Geometrical Investigation on Escape Dynamics in the Presence of Dissipative and Gyroscopic Forces
This dissertation presents innovative unified approaches to understand and predict the motion between potential wells. The theoretical-computational framework, based on the tube dynamics, will reveal how the dissipative and gyroscopic forces change the phase space structure that governs the escape (or transition) from potential wells.
In higher degree of freedom systems, the motion between potential wells is complicated due to the existence of multiple escape routes usually through an index-1 saddle. Thus, this dissertation firstly studies the local behavior around the index-1 saddle to establish the criteria of escape taking into account the dissipative and gyroscopic forces. In the analysis, an idealized ball rolling on a surface is selected as an example to show the linearized dynamics due to its special interests that the gyroscopic force can be easily introduced by rotating the surface. Based on the linearized dynamics, we find that the boundary of the initial conditions of a given energy for the trajectories that transit from one side of a saddle to the other is a cylinder and ellipsoid in the conservative and dissipative systems, respectively.
Compared to the linear systems, it is much more challenging or sometimes impossible to get analytical solutions in the nonlinear systems. Based on the analysis of linearized dynamics, the second goal of this study is developing a bisection method to compute the transition boundary in the nonlinear system using the dynamic snap-through buckling of a buckled beam as an example. Based on the Euler-Bernoulli beam theory, a two degree of freedom Hamiltonian system can be generated via a two mode-shape truncation. The transition boundary on the Poincar'e section at the well can be obtained by the bisection method. The numerical results prove the efficiency of the bisection method and show that the amount of trajectories that escape from the potential well will be smaller if the damping of the system is increasing.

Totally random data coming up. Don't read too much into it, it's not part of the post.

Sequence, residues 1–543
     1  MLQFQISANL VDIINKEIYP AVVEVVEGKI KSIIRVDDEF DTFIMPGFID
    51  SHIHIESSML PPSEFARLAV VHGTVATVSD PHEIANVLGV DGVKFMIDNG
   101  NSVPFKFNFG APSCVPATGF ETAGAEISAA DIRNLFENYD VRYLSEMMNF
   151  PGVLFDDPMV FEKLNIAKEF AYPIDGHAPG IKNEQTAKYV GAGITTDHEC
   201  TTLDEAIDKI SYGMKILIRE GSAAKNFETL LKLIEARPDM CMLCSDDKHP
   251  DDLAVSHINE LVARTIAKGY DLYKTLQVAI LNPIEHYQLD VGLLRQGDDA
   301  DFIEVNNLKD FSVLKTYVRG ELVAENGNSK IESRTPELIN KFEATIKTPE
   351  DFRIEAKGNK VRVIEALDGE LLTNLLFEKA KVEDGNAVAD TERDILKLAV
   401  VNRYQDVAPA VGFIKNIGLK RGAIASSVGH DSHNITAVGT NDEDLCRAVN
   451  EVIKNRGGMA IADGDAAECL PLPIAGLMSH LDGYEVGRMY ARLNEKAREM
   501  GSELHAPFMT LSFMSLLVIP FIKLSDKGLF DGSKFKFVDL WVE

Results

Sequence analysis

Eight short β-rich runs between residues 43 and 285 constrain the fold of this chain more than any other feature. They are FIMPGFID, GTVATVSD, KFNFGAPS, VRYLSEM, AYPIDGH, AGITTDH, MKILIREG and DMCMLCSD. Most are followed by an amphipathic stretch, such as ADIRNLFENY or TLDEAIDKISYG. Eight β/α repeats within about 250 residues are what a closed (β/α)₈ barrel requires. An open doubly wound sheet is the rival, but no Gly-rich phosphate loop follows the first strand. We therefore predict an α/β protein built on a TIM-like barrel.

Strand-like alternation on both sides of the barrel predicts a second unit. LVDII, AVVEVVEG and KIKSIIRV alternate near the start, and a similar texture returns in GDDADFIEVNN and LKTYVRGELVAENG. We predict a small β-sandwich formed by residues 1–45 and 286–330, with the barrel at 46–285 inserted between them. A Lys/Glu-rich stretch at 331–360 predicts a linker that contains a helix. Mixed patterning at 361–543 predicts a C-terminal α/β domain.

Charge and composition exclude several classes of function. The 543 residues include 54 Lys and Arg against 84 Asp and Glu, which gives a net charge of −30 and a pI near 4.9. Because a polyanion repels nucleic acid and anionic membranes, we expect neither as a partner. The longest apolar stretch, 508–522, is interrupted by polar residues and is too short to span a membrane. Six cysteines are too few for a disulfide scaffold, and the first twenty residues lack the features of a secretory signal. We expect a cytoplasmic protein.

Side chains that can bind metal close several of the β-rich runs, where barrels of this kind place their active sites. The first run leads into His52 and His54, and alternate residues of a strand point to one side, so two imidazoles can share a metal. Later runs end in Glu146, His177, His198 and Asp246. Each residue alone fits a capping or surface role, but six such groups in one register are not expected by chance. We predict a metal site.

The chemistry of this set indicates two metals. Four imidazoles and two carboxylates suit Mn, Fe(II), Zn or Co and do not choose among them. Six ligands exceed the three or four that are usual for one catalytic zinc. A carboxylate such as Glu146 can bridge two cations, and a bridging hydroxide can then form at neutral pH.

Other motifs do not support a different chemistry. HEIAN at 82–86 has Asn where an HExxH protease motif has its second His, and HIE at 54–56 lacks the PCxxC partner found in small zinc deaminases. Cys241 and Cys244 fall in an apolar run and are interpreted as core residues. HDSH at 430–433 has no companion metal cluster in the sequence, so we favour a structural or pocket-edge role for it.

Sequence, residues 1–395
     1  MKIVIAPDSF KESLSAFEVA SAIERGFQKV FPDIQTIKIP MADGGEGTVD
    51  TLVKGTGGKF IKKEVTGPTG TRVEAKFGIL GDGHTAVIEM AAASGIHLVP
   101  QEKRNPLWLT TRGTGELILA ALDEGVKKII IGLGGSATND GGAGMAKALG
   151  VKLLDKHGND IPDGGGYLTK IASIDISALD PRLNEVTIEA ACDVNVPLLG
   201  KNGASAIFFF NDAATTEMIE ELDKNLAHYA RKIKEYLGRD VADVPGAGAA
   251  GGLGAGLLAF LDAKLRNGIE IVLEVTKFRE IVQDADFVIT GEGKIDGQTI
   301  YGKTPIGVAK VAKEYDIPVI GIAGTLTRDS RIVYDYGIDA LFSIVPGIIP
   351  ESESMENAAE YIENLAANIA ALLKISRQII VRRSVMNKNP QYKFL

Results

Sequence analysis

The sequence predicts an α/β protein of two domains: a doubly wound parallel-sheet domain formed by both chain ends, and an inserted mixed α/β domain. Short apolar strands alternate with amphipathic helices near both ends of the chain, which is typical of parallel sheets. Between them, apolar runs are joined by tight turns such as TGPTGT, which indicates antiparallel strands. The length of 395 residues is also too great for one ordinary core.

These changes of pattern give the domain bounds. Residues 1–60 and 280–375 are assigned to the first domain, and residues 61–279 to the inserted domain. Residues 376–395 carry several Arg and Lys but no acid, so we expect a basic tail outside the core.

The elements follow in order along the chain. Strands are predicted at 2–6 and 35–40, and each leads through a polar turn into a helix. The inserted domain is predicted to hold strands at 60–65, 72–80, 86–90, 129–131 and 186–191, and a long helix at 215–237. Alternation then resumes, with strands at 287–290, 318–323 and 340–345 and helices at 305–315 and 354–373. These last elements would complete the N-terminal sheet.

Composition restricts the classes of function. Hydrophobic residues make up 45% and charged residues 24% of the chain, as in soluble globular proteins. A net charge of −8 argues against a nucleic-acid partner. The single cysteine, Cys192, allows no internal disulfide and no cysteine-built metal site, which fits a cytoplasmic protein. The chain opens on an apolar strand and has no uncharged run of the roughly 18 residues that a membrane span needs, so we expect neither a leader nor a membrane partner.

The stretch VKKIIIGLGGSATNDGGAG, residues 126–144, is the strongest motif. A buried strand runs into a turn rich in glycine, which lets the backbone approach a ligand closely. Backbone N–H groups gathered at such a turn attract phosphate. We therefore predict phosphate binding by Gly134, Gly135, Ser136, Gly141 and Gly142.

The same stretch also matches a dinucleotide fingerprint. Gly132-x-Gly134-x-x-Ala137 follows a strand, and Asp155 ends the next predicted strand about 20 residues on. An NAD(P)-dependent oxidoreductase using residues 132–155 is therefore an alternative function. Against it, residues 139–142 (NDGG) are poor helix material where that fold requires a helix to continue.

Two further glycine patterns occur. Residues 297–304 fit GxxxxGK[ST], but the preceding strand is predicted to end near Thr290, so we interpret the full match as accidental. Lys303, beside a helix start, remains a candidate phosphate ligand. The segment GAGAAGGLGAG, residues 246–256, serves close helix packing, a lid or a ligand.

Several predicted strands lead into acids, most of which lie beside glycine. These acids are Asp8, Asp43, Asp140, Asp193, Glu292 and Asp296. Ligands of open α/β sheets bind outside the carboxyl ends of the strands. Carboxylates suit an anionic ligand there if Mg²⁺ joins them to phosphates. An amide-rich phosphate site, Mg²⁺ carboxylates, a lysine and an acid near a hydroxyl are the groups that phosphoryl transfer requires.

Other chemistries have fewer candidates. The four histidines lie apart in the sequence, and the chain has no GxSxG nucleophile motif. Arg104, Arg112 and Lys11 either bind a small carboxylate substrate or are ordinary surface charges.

Finally, we present an alternative idea to compute the transition boundary of the nonlinear system from the perspective of the invariant manifold. For the conservative systems, the transition boundary of a given energy is the invariant manifold of a periodic orbit. The process of obtaining such invariant manifold compromises two parts, including the computation of the periodic orbit by solving a proper boundary-value problem (BVP) and the globalization of the manifold. For the dissipative systems, however, the transition boundary of a given energy becomes the invariant manifold of an index-1 saddle. We present a BVP approach using the small initial sphere in the stable subspace of the linearized system at one end and the energy at the other end as the boundary conditions. By using these algorithms, we obtain the nonlinear transition tube and transition ellipsoid for the conservative and dissipative systems, respectively, which are topologically the same as the linearized dynamics.